A Berimbau is a stringed instrument used in Capoeira. The Berimbolo is a sweep performed from the de la Riva guard used to take the back on an opponent. While they have similar names, they are not related except that both are examples of the creativity and artistry to come out of the country of Brazil.
There is much confusion in some Jiu Jitsu circles about what exactly the Berimbolo is. I first saw this technique being demonstrated by Rafael Mendes in video in Portuguese, posted below. I tried it a few times but couldn’t really figure out how to achieve the path to the back. Instead I focused more on other de la Riva techniques, coming back to it over the years, without success.
Thanks to interest and explanation on forums such as the Sherdog grappling forum, I began to revisit the Berimbolo again, this time with a better understanding of when to use the technique. The back take from the inverted position is fairly easy, I found. Getting there was difficult for me at first. Once I started to think of the berimbolo as a counter move, specifically a counter to your opponents attempt to counter your initial DLR back take, it all become much more clear.
To take the back from DLR you must extend your outside hook to force your opponents knees away from you. This usually allows you to get your other leg behind their knee and take the back. However, if your opponent sits down either preemptively to counter the back take or as a result of the pressure from your hook, its berimbolo time. Once the movement is intuitive its easy to perform as one complete sweep to the back, but I feel this is the best way to learn the berimbolo.
The first video above shows Rafael Mendes performing the sweep, followed by a series of videos of Mendes performing the sweep in competition. After than I’ve included one video of GB’s Samuel Braga performing an outstanding Berimbolo. Although the berimbolo was made famous by the Mendes brothers, it has been performed by several other competitors, including Braga. JHbjj from Sherdog filmed an excellent English language instructional for all of us Gringos to enjoy. Then, Jason Scully shows how he does the Berimbolo.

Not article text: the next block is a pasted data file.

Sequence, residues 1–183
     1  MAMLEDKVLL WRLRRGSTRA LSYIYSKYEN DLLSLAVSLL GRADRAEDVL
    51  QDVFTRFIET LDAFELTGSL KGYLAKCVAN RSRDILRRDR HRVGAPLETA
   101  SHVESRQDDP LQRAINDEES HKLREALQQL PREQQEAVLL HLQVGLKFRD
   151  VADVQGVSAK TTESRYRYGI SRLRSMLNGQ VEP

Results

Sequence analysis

Scully admits its a work in progress and I have to admit that I problems with the first way that Jason demonstrates the technique. If you watch the Mendes or even Jasons second verson, they rotate fully underneath in one complete motion. This allows them to get the grip on the far hip as they spin onto the back. The hip grip is one of the most important elements of the move, and one that is often not emphasized. In contrast, Jason spins partly upside down and kicks his opponent forward, sliding his hook back to complete the back take. This is, in my experience, very difficult to perform. The beauty of the Berimbolo is that its one motion that puts you on the back with minimal effort. By forgoing the gripping chain (ankle -> hip -> collar) it makes this technique less efficient than the standard variation. Despite this, its important to not completely discount Jasons first version, as there will be situations where it will be the preferred variation. .
Little Tony has long studied the Mendes brothers game and provides his own take on the berimbolo. Its very close to how the Mendes brothers show the technique, with A few details missing, however. Still its a good addition to the discussion about this technique.
To get an even better sense of the dynamics of the berimbolo, several notable examples from high-level competition are included as well. Note that it rarely works as perfectly as shown in the demonstrations, instead leading to several different avenues that lead to a sweep, a leg drag pass or ultimately taking the back.
Unfortunately for aficionados of the berimbolo, theres been some controversy at the 2012 European Open about the legality of the sweep under the new IBJJF rules. The deep de la Riva guard does apply inward pressure on the knee during some sweeps. This pressure is similar to that of a knee reap, which is already illegal (although the merits of this is an entirely different issue). The berimbolo begins with putting pressure with the de la Riva hook to take the back. The entry to the berimbolo occurs when, to resist this pressure, the opponent sits down. If they simply turn away, a different back take is available, as mentioned above. However, in order to force the berimbolo some competitors were gripping the far sleeve, preventing the turn away. This was putting pressure on the knee with little chance to relieve it. Coupled with the deep underhook, which also adds pressure to the knee it seems that the berimbolo ran afoul of the recently updated rule: Section 6.3.2, #8 which bans locks twisting the knees. There are ways of performing the berimbolo without the sleeve grip and without underhooking the leg. Paulo Miayo performed the technique at the 2012 European Open with a deep overhook instead, grabbing his own pants (video below).
This article originally featured on The Jiu-Jitsu Laboratory and has been posted with the permission of the owner.